When Carole Besley left Britain for Canada, she thought her company pension plan would have to be left in the UK, until she hit 65 and transferred any allowances to Ontario. Then she thought she would have to pay tax on any cash transferred, as she had been told she would have to do with other investments brought here. Carole also wondered if the UK pension amounts might be taxed in BOTH countries.
“Imagine my surprise when I found out the UK pension could be transferred here without tax being levied in either country – and it could be put in an RRSP here, without tax as well. It was also NOT going to reduce any pension contributions I am entitled to make here,” she says.
Under a 2004 UK and Canada joint tax treaty any pensions earned in Great Britain and Ireland can be transferred into an RRSP here without any impact on your pension rights and can grow tax free until taken as part of your Canadian retirement income. But why is it almost a secret?
The answer is because many investment companies and business executives in the UK, as well as tax revenue officers here, are unaware of the 2004 UK Parliamentary Act authorizing them. There is also a detailed and complex process by which company pensions are transferred here, BEFORE it can be invested. Even when officials find out, they often fail to realize that transfers have to be made within a time span of one year and monitored for five years by the receiving bank.
However, the Canadian owner can draw up to 10% a year from the plan and is able to have the transfer process managed and invested with the help of their own financial advisor, if they wish.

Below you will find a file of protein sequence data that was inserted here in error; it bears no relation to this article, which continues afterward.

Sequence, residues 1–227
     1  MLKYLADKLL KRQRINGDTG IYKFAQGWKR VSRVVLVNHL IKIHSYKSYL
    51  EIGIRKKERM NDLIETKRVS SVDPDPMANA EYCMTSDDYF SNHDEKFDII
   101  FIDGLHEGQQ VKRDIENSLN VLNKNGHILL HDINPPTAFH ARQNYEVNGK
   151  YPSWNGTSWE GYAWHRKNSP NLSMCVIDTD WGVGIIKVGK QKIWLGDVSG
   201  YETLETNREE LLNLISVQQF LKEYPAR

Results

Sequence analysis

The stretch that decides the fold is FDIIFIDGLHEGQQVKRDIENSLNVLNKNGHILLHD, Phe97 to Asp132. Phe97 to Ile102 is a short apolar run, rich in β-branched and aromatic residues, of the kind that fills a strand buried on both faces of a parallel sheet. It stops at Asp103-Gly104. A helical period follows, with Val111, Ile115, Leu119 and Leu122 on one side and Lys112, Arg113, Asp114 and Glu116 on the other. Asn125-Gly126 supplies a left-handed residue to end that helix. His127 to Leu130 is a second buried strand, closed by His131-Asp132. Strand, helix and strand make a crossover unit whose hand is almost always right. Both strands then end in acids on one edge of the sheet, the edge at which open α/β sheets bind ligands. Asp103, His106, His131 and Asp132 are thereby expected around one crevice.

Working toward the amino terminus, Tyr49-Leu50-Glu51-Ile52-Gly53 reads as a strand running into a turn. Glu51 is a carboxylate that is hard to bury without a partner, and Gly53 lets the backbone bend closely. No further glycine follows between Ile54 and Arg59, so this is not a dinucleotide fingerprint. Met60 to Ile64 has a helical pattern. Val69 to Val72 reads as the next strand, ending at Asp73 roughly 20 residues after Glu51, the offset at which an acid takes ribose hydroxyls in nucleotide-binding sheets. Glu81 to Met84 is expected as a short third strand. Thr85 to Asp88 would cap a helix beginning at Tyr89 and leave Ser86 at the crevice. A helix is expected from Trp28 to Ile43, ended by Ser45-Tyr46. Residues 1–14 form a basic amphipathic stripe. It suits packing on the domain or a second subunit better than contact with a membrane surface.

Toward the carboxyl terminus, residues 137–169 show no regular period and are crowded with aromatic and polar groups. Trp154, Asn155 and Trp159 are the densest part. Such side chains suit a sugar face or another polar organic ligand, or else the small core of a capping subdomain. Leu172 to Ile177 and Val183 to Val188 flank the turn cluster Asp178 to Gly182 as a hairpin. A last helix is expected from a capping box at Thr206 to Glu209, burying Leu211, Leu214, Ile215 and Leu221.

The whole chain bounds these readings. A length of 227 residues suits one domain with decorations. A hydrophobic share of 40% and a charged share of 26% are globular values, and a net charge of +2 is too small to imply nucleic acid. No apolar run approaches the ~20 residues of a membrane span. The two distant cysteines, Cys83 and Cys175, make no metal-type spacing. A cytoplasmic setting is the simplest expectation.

“It’s a shame that it seems so few emigrants know about this process, or the UK Act of Parliament which allows transfers, especially as when people arrive from Great Britain, they often don’t earn much in CPP allowances in their early working years here,” says Carole.
“I know groups like the Canadian Alliance of British Pensioners have been battling for years to try to get those UK State Pensions paid here linked to inflation, but even when they win, it will still not bring any back-payments. Getting a lump sum from your old UK employer is a much better bet in terms of helping you live your retirement here.”
Another hurdle which seems to be a barrier to Canadian ex-Pats claiming old pension rights from former UK employers is the fact that many of them went out of business, or were denationalized, or privatized, as Brits say. However, there seems to be little realization by the ex-UK citizens that although many large operators, (public and private transportation for example) were acquired by conglomerates, or shut down for various reasons in the 1980s and 90s, but their liabilities and responsibilities for continuing payments were assumed by the succeeding companies.
“I worked for a whole number of different coach companies in the central area of Wales and western area of England and they were swallowed up by a large national operator, so I’ve been trying to find out who took them over and therefore who owes me those pensions now,” explained Alan Soden of Burlington.
The key to finding a UK pension you may have left behind, if you made a swift exit from Britain to take up a new opportunity in Canada, is the UK National Insurance number – issued at birth, it should be among your old documents.
You can then decide if you want to contact the employer(s) yourself. If you have the time you can write and hope you will be given help from your old colleagues and guidance, or hand it over to a professional adviser with experience in transferring and investing such plans.Submitted by Derek Coomber, Pension Quest Intl. For more info on “Forgotten UK Pensions”, call Derek to set up a free 30-minute consultation for CARP Members. Email [email protected] 905-338-1795